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Annu Rev Virol. 2017 Sep 29;4(1):287-308. doi: 10.1146/annurev-virology-101416-041921. Epub 2017 Jul 17.

Electron Cryomicroscopy of Viruses at Near-Atomic Resolutions.

Kaelber JT1,2, Hryc CF2,3, Chiu W1,2,3.

Author information

1
Department of Molecular Virology and Microbiology, Baylor College of Medicine, Houston, Texas 77030.
2
National Center for Macromolecular Imaging, Verna and Marrs McLean Department of Biochemistry and Molecular Biology, Baylor College of Medicine, Houston, Texas 77030.
3
Graduate Program in Structural and Computational Biology and Molecular Biophysics, Baylor College of Medicine, Houston, Texas 77030; email: wah@bcm.edu.

Abstract

Recently, dozens of virus structures have been solved to resolutions between 2.5 and 5.0 Å by means of electron cryomicroscopy. With these structures we are now firmly within the "atomic age" of electron cryomicroscopy, as these studies can reveal atomic details of protein and nucleic acid topology and interactions between specific residues. This improvement in resolution has been the result of direct electron detectors and image processing advances. Although enforcing symmetry facilitates reaching near-atomic resolution with fewer particle images, it unfortunately obscures some biologically interesting components of a virus. New approaches on relaxing symmetry and exploring structure dynamics and heterogeneity of viral assemblies have revealed important insights into genome packaging, virion assembly, cell entry, and other stages of the viral life cycle. In the future, novel methods will be required to reveal yet-unknown structural conformations of viruses, relevant to their biological activities. Ultimately, these results hold the promise of answering many unresolved questions linking structural diversity of viruses to their biological functions.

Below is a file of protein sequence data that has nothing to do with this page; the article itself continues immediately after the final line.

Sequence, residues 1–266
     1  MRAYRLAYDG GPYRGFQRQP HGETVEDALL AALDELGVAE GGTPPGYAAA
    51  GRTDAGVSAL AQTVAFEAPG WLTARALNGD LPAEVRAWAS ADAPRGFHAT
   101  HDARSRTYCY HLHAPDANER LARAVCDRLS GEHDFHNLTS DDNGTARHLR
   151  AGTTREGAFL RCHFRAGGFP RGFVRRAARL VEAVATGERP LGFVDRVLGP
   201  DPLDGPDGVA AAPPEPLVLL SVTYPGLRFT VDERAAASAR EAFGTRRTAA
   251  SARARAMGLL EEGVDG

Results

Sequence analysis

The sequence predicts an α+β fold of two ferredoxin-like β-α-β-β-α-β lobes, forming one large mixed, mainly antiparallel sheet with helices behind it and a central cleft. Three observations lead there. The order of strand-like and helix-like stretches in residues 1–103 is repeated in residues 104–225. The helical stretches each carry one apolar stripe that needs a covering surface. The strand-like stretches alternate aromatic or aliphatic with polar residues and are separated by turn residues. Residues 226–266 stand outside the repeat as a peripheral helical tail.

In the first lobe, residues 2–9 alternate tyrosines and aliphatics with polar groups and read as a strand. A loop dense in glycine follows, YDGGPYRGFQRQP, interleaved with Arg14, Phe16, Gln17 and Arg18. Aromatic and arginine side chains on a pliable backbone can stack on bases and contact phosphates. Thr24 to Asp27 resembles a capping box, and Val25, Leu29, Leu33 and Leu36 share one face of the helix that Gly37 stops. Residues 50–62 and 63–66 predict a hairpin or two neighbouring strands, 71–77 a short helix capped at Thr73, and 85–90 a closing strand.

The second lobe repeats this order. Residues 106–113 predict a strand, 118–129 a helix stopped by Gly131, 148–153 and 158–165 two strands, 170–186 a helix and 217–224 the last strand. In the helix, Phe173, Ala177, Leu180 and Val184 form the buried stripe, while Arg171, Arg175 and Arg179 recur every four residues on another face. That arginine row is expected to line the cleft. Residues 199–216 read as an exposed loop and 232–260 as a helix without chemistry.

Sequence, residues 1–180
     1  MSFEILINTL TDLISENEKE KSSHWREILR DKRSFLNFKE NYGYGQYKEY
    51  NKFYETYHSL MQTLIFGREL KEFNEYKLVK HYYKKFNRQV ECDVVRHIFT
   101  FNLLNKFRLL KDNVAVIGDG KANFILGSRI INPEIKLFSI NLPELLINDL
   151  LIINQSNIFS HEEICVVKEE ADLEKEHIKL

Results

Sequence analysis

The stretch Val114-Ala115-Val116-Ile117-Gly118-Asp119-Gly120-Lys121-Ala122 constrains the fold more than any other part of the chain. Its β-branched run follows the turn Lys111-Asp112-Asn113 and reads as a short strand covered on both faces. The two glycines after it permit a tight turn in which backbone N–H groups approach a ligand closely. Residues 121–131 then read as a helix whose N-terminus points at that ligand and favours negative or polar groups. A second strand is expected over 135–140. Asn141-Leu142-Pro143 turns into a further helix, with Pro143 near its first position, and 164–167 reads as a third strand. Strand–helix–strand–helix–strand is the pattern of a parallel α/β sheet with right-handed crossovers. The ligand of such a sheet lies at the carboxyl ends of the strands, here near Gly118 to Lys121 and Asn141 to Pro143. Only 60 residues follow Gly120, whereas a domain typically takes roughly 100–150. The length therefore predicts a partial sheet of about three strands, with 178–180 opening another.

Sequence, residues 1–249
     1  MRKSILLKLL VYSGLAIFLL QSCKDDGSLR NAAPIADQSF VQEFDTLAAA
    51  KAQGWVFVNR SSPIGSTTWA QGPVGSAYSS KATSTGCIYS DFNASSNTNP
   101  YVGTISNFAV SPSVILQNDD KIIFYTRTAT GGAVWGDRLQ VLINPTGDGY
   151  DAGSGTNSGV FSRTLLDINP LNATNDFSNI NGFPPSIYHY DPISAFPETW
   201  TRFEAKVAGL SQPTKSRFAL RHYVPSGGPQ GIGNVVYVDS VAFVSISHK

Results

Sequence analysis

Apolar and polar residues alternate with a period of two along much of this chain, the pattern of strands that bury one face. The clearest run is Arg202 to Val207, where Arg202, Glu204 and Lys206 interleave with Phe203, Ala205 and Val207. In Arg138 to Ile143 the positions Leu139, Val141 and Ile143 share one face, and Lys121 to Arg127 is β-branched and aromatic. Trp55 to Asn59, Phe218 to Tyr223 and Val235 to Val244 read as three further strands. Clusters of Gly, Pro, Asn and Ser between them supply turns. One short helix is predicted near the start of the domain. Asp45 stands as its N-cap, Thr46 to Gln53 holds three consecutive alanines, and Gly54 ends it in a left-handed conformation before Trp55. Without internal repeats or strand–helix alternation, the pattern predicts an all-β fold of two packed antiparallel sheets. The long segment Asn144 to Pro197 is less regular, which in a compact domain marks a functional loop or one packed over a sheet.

KEYWORDS:

asymmetry; electron cryomicroscopy; genome structure; single-molecule; structural virology

[Indexed for MEDLINE]

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